A state-appointed fact finder recommended a modest salary increase for members of the Burbank city attorneys union that’s far less than what the 11-member association had demanded after five years without a pay raise.
In the fact-finding report released by city officials this week, Don Becker recommended members of the Burbank City Attorneys Assn. be given a 1.6% pay hike this fiscal year, while also picking up 4% of their employee pension contribution, which is double the 2% they currently pay.
The recommendation is nonbinding. City Manager Mark Scott said Tuesday the city will offer to meet with the union again in an effort to find common ground.
Negotiations between the city and the union reached an impasse in June after the two groups failed to agree on 30 issues, the most contentious being salaries and pension plans.
Of the union's 11 members, eight senior assistant city attorneys make $14,156 a month, two deputy city attorneys make $9,555, and a litigation paralegal makes $7,786, records show. Together, they help comprise a city attorney's office that prosecutes more than 5,000 cases a year, union officials said.
The union had asked for raises and employee benefits that would’ve increased the city’s costs by 20% over three years, which the city had called “well outside” its budget. City officials had proposed giving each member a 3% raise over three years while requiring them to pay their full 8% employee pension contribution over the same period.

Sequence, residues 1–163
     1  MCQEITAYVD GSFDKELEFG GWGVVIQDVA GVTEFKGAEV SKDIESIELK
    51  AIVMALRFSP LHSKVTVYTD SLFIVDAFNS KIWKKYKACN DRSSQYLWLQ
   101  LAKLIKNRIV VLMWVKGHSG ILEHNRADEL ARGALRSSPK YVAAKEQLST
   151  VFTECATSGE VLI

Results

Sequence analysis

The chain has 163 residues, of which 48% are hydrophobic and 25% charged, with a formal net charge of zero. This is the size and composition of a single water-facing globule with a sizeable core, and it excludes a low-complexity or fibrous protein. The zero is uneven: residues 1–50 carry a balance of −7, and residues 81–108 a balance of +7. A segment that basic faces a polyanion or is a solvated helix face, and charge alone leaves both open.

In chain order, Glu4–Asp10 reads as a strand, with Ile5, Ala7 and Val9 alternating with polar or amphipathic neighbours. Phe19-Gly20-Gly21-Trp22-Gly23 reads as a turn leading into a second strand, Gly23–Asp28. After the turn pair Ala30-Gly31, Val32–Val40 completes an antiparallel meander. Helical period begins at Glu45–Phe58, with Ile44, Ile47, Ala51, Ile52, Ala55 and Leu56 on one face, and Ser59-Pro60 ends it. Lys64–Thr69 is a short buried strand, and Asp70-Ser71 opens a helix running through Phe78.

When the two sides couldn’t agree, a panel of three jurists — Becker, along with a representative from the union and one from the city — heard presentations from both bargaining groups.
According to the report, the city admitted that a market salary survey it compiled to evaluate the attorneys’ salaries was flawed.
The survey had showed that a majority of the union’s members made 2% more than the top attorneys in 11 other cities. The union had accused the city of rigging the salary survey by choosing cities that were not comparable in size and scope of the legal issues required of the attorneys in Burbank, such as bankrupt San Bernardino.
So the fact finder based his 1.6% salary raise recommendation largely on internal equity, meaning he used City Attorney Amy Albano’s $18,334 base monthly salary as a benchmark to calculate the proposed salary boost.
In a report responding to the fact finder, the city agreed with the salary recommendation, but also noted that other factors, such as the city’s ability to pay during “periods of financial uncertainty,” should have been more strongly considered.
Jeffrey Freedman, who drafted the city’s response, argued that city officials must be financially prudent since they are still dealing with the loss of Burbank’s redevelopment agency and cuts in federal funding.
Freedman also wrote that the city would like to reach a multiyear agreement with the labor group in which it ultimately pays its full employee pension contribution.
The union disagreed with the fact finder’s entire report, arguing in its dissent that Becker blindly accepted the city’s “shop-worn mantra that the city’s financial condition is precarious,” but in reality, it will have a multimillion-dollar budget surplus at the end of this fiscal year.